|Publisher:||Oxford University Press, USA|
as a key source of political information and commentary, providing audiences with an accessible lens into some of the most hot-button issues of our time. Yet due to the clickbait economics of the polarized digital news business, the quality of entertainment journalism is often compromised, and
consequently, people view pop culture coverage as soft news with little substance or public value. Very little is known about how this journalism is produced and consumed as a component of the digital news ecosystem. Moreover, we lack a measured sense of its potential impact on the political interests and knowledge of its audiences, the politics of the entertainment industry it covers, and the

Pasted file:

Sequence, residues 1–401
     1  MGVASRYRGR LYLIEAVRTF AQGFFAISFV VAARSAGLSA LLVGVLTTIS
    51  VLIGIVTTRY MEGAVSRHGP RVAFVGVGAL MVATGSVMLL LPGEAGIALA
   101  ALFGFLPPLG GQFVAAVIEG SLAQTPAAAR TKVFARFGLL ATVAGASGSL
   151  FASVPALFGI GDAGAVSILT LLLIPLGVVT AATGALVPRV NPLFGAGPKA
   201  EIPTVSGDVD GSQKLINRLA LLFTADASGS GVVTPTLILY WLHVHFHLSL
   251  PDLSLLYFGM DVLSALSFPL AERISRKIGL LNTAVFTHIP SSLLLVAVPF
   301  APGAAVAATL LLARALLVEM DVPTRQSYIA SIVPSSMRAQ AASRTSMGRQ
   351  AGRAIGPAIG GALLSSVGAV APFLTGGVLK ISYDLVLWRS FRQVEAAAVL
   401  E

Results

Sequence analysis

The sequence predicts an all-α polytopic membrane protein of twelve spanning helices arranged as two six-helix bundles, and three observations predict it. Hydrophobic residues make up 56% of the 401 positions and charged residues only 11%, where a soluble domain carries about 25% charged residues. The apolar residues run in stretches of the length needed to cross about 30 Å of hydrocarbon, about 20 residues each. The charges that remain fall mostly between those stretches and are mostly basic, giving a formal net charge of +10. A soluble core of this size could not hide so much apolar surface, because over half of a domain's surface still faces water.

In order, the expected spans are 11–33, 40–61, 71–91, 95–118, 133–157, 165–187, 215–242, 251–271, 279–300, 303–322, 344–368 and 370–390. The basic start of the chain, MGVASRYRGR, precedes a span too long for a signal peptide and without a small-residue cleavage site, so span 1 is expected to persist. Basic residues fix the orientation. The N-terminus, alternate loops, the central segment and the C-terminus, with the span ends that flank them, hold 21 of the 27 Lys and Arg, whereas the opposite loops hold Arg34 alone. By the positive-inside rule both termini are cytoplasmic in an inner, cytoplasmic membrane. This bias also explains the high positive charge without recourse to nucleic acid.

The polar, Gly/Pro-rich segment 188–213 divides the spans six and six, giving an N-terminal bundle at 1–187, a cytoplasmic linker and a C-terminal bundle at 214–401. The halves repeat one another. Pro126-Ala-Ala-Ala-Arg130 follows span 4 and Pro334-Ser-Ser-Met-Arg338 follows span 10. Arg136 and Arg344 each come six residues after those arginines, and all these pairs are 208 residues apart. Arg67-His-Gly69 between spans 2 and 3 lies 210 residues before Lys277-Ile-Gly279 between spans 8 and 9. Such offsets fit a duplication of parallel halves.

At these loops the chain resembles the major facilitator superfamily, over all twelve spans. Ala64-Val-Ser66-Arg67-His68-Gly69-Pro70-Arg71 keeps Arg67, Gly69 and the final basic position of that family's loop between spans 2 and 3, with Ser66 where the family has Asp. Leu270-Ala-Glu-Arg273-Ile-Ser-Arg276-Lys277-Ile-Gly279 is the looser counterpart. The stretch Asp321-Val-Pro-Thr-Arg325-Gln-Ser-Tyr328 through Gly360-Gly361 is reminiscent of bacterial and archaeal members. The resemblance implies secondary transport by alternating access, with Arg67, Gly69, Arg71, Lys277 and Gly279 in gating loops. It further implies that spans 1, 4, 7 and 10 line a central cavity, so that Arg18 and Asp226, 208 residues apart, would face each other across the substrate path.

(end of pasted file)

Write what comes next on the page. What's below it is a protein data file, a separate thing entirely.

shape of public debate more broadly. Drawing on interviews with entertainment journalists and testimonials from news audiences who share these stories on social media, Joel Penney argues for the importance of reframing our understanding of impactful journalism and persuasive political communication when culture and identity have moved
thoroughly to the center of U.S. public discourse. Moreover, Penney examines how audiences engage with this highly accessible and emotionally resonant form of journalism and use it as a resource for political expression and discussion, raising important questions about how it can serve as a bridge
to public issue engagement as well as a potential distraction from on-the-ground political concerns. As a cutting-edge, data-rich analysis of the blurring boundaries between entertainment, politics, social media activism, and partisan journalism, Pop Culture, Politics, and the News makes a major
contribution to public scholarship on the shifting digital information landscape.